What is Vyvanse?
Vyvanse (Lisdexamfetamine dimesylate or L-lysine-D-amphetamine) is a once-daily central nervous system (CNS) stimulant. Vyvanse is available by prescription only in 20, 30, 40, 50, 60 and 70 mg capsules, and may help increase attention and decrease impulsiveness and hyperactivity in patients with ADHD.
What is Vyvanse Used For?
Vyvanse is used in treating attention deficit hyperactivity disorder (ADHD) in adults and children who are at least 6 years old. Vyvanse may help increase attention and decrease impulsiveness and hyperactivity in patients with ADHD as it affects certain chemicals (dopamine and norepinephrine) in the brain that may help improve attention span and behavior.
Off-Label Uses of Vyvanse
Vyvanse may also be used off-label for other conditions as determined by your doctor, such as:
- excessive daytime sleepiness
- binge eating disorder
Who Should Not Use Vyvanse?
Patients who have taken a monoamine oxidase inhibitor (MAOI) within the past 14 days should not take Vyvanse. Some common MAO inhibitors include: isocarboxazid (Marplan), tranylcypromine (Parnate), phenelzine (Nardil), rasagiline (Azilect), or selegiline (Eldepryl, Emsam). Taking Vyvanse while an MAOI is still in your system can result in serious, life-threatening side effects. There are many other MAOIs not listed, so make sure to tell your doctor all medications you are taking, or have taken recently, before taking Vyvanse.
Patients should not take Vyanse if they are allergic to lisdexamfetamine, or if they have hardened arteries (arteriosclerosis), heart disease, moderate to severe high blood pressure (hypertension), overactive thyroid, glaucoma, are pregnant, or have severe anxiety or agitation.
Additionally, patients with a history of drug or alcohol addiction should discuss these issues with their doctor before taking Vyvanse, as Vyvanse has a high-potential of abuse.
Adderall vs. Vyvanse
Adderall is currently the most common competitor for Vyvanse.
- Vyvanse is 100% d-amphetamine, while Adderall XR is a mix of 4 different d and l-amphetamines.
- Vyvanse is released via digestion, while Adderall is released by bead technology.
- While Vyvanse can be habit-forming, it is considered to have less abuse-potential than Adderall.
Side Effects of Vyvanse
Serious Side Effects:
- Heart-related problems including: sudden death in people who have heart problems or heart defects
- fast, pounding, or uneven heartbeats
- decreased blood pressure (feeling light-headed, fainting)
- tremor, restlessness, hallucinations, unusual behavior, or motor tics (muscle twitches)
- dangerously high blood pressure (severe headache, blurred vision, buzzing in your ears, anxiety, confusion, chest pain, shortness of breath, seizure).
Less Serious Side Effects:
- loss of appetite, weight loss
- sleep problems (insomnia)
- nausea, vomiting, stomach pain
- feeling irritable
- mild skin rash
- dry mouth or an unpleasant taste in your mouth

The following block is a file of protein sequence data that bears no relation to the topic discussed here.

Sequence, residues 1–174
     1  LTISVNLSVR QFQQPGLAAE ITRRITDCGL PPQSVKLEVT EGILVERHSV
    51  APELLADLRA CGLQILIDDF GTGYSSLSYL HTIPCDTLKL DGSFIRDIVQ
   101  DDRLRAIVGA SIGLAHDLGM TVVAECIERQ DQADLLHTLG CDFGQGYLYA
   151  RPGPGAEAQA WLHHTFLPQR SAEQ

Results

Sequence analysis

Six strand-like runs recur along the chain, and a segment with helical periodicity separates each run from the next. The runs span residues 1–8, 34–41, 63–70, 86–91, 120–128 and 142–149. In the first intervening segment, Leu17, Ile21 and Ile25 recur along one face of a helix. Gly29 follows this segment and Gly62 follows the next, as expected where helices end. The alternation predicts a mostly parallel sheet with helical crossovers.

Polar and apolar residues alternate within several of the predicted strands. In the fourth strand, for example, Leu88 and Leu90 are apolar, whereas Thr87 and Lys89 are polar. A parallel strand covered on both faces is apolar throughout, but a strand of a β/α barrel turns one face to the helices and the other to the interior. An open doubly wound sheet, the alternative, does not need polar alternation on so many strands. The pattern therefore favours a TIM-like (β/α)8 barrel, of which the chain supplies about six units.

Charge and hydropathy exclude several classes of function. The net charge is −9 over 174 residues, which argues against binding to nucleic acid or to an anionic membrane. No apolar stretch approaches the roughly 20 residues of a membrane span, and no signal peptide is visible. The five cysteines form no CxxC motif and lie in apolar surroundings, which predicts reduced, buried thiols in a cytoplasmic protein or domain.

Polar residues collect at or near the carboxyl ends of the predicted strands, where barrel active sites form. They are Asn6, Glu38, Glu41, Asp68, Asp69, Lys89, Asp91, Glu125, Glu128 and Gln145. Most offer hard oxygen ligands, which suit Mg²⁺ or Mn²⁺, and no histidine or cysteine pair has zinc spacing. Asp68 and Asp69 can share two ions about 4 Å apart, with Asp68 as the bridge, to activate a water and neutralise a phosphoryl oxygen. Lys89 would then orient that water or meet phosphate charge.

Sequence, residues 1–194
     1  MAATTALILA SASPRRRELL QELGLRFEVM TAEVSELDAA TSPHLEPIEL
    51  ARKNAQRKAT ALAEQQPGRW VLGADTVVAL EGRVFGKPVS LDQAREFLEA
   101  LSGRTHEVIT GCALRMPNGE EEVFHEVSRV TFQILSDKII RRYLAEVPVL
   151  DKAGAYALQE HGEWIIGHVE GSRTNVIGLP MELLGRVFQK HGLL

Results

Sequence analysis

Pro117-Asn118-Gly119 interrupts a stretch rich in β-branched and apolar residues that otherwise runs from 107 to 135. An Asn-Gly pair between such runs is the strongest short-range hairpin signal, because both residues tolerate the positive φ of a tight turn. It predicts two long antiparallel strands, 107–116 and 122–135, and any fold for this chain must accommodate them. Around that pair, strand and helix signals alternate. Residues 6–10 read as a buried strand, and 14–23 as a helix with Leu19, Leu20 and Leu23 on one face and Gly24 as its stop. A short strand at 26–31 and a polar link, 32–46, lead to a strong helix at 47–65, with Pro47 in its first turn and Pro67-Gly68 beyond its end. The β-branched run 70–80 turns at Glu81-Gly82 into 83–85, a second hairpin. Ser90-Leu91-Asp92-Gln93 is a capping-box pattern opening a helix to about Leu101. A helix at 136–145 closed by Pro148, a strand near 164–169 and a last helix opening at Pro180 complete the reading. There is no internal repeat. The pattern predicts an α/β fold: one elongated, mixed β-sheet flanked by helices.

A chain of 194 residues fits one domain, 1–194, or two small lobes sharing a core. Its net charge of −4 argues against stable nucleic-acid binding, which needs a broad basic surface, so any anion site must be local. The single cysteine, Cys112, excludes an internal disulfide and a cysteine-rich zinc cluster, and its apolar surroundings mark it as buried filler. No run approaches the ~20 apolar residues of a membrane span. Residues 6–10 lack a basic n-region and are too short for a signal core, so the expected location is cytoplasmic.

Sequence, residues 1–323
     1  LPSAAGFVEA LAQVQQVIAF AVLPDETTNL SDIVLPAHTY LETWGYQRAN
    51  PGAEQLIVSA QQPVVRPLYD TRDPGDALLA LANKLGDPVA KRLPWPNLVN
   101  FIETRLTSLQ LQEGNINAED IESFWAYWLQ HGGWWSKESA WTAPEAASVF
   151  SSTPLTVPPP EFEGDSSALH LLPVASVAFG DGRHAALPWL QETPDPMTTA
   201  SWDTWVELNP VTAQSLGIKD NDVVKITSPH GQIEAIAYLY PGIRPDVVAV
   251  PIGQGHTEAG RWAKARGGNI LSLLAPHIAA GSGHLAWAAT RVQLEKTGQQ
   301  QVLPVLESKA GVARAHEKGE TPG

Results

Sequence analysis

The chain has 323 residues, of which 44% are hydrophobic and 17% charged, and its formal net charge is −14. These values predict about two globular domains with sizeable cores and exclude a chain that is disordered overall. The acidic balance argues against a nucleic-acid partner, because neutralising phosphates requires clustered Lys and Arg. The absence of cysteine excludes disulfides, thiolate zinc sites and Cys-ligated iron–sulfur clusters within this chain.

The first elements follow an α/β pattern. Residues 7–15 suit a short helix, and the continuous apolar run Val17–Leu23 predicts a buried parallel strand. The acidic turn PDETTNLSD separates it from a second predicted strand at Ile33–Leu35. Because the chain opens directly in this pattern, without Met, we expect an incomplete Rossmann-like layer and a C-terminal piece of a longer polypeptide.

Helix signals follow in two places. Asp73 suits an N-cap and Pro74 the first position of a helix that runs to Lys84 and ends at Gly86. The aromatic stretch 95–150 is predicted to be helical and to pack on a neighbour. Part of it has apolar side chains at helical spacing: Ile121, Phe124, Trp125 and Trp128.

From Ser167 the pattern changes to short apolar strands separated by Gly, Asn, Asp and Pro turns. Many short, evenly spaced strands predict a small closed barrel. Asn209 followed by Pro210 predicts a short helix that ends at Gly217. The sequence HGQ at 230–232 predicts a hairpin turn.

Is Vyvanse Addictive?
Yes, Vyvanse is an amphetamine and can be addictive. Compared to similar drugs, Vyvanse is much harder to abuse. The digestion release may make Vyvanse smoother, last longer, and have less variability. This release also means that users attempting intranasal or intravenous use of Vyvanse will not achieve a high.
Symptoms of Vyvanse Withdrawal
Some people who use Vyvanse for a long time may develop a need to continue taking it. People who take high doses are also at risk. If you stop taking Vyvanse suddenly, you may have withdrawal symptoms.
Withdrawal Symptoms May Include:
- a severe craving for Vyvanse
- nervous tics
- rapid heart rates
- severe agitation or aggressiveness
- blurred vision
- severe headaches or migraines
- shortness of breath
- muscle pain
- extreme paranoia
- chest pains
- severe mood swings
- abnormal hyperactivity or sleepiness
Dosage and Identification of Vyvanse Capsules
|Milligrams(mg)||Appearance of Capsule|
|60||Body Color:Aqua Blue
Cap Color:Aqua Blue
Vyvanse is much harder to overdose compared to the other leading medications, yet not impossible. As long as youâ€™ve been honest with your doctor, youâ€™re not allergic, and havenâ€™t been over-prescribed there should be no real risk on an overdose. Vyvanse wonâ€™t work correctly if snorted, or injected, so they have to be taken orally. Taking too much of any drug is dangerous, and Vyvanse is no different. Abusing your medication and taking multiple doses is how most overdoses occur with Vyvanse.
Symptoms of Vyvanse Overdose:
- fast breathing
- fever hallucinations
- irregular heartbeat
- mental or mood changes
- muscle pain or tenderness
- overactive reflexes
- severe nausea
- vomiting diarrhea
- stomach cramps
- severe or persistent headache or dizziness
- severe restlessness
- unusual tiredness
Treatment for an Overdose on Vyvanse
Contact 911, your local poison control center or emergency room immediately.